adamantanes as a sole agent for
chemoprophylaxis or treatment.
2009 H1N1
Other Seasonal Influenza
Special Considerations for HIV-Positive

Early Empiric Treatment
Neuraminidase Inhibitor options:
Neuraminidase Inhibitor options:
Most healthy patients with no risk factors for complications HIV-positive patients with influenza-like recover without antiviral medications.
Treat with
Oseltamivir (Tamiflu)
Early empiric treatment of influenza-like illness
inhibitor for five days
recommended for patients at high risk of influenza-
related complications.
chemoprophylaxis, particularly if they are SPECIAL CONSIDERATIONS:
Zanamivir (Relenza)
Risk of complications decreases if treated with antiviral drugs within 48 hours of symptom onset; might offer Zanamivir: can cause bronchial spasm; do not prescribe for
patients with asthma or chronic lung disease.
Hospitalized patients: treatment may be extended beyond
contraindications for co-administration of five days for complicated illness. Some experts favor double dosage of antivirals; risks and benefits not available HIV antiretroviral medications.
Pregnancy: pregnant women are at high risk of
[Flumadine]), do not use
complications and should receive prompt antiviral adolescents who have received oseltamivir adamantanes as a sole agent for
therapy. Oseltamivir and zanamivir are labeled by the U.S. Food and Drug Administration as “PregnancyCategory C” drugs. Pregnancy is NOT a contraindication Breastfeeding: treatment is not a contraindication to
breastfeeding; ideally, breast milk pumped and fed to Health care personnel: consider chemoprophylaxis if
unvaccinated and within 48 hours of unprotected close contact with confirmed or suspected influenza.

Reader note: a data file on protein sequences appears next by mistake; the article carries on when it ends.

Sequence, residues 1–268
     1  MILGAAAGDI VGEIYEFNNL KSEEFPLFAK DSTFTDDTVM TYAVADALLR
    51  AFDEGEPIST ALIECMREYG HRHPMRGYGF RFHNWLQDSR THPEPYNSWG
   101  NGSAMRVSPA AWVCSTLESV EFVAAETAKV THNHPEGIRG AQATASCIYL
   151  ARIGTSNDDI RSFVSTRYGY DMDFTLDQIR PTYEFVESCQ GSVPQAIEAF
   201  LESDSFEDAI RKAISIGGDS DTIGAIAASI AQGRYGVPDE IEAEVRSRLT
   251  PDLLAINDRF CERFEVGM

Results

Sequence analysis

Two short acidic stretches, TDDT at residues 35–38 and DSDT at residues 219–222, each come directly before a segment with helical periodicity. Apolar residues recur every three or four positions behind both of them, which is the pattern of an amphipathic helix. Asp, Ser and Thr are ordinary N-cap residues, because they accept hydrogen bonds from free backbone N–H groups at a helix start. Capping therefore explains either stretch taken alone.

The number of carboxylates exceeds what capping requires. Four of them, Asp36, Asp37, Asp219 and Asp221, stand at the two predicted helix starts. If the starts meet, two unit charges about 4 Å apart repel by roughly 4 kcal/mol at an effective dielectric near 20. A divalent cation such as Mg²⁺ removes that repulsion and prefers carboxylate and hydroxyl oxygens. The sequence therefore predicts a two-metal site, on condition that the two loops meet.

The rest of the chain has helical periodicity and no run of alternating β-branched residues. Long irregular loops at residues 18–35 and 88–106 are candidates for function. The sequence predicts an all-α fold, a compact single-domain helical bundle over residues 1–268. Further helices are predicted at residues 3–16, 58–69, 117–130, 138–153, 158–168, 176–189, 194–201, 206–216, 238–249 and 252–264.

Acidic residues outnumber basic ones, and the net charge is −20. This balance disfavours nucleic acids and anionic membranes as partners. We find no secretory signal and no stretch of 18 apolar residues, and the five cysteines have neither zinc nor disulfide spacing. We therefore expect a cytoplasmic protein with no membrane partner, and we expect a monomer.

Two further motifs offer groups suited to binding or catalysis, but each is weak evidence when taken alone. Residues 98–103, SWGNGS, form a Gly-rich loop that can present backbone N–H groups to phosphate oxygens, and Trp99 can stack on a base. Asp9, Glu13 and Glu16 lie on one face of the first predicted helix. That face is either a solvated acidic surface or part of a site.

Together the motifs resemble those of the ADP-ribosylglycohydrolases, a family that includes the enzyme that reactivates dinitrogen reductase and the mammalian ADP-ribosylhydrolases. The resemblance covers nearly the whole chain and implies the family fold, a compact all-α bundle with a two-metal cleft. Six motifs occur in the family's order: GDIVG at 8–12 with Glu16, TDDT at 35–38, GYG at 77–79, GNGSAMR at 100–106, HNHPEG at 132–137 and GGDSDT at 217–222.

Closed or semi-closed settings (e.g., nursing homes and
chemoprophylaxis if exposure to known influenza occurs.
Generally does NOT include schools, camps, orworkplaces where outbreaks might occur.
Potential adverse effects of oseltamivir in children: nausea and vomiting; taking with food can reduce side effects.
Rare reports of delirium, self-injury among children aftertaking neuraminidase inhibitors, which can also occurwith clinical influenza.
2010-2011 Influenza Vaccine
Special Considerations for HIV-Positive

The 2010-2011 influenza vaccine is a trivalent vaccine including 2009 Persons with moderate to severe febrile illness should not be The intranasal live attenuated influenza
H1N1, and seasonal variants H3N2 and influenza B vaccines are contraindicated for HIV-
Most common side effect of injected vaccine is soreness at the injection site. Other adverse effects include fever, Two doses, four or more weeks apart if 6 months to 8 years of age and did body aches, and fatigue. Most common adverse effects of not receive at least one dose of the 2009 H1N1 vaccine plus at least one nasal vaccine include rhinorrhea or nasal congestion, sore dose of the seasonal influenza vaccine previously throat in adults and low-grade fever in children 2 to 6 Injectable vaccine can be given at any CD4 Do not vaccinate patients younger than 6 months
Contraindications to intranasal vaccine include age
NOTE: Household contacts and health
In case of vaccine shortage, Advisory Committee on Immunization younger than 2 years or older than 50 years, pregnancy, care personnel working with HIV-
Practices (ACIP) prioritizes vaccination for the following groups: age younger than 19 years on aspirin therapy (risk of Reye positive patients may receive the
syndrome), chronic illness including asthma, chronic lung intranasal live attenuated vaccine.
Caretakers of infants younger than 6 months disease, heart disease, diabetes, kidney failure, weakened Health care personnel who have direct contact with patients or infectious immune system, or taking immunosuppressive close contacts of patients with severe
Contraindications to intranasal and injectable
formulations include severe or life-threatening allergies
to hen eggs and a history of onset of Guillain-Barrésyndrome during the six weeks after previous vaccination.
Afluria, the trade name of one of the injectable formulations of the vaccine, should not be used in children 6 months
to 8 years of age
because of increased frequency of fever
or febrile seizures reported among young children (mostly
children younger than 5 years).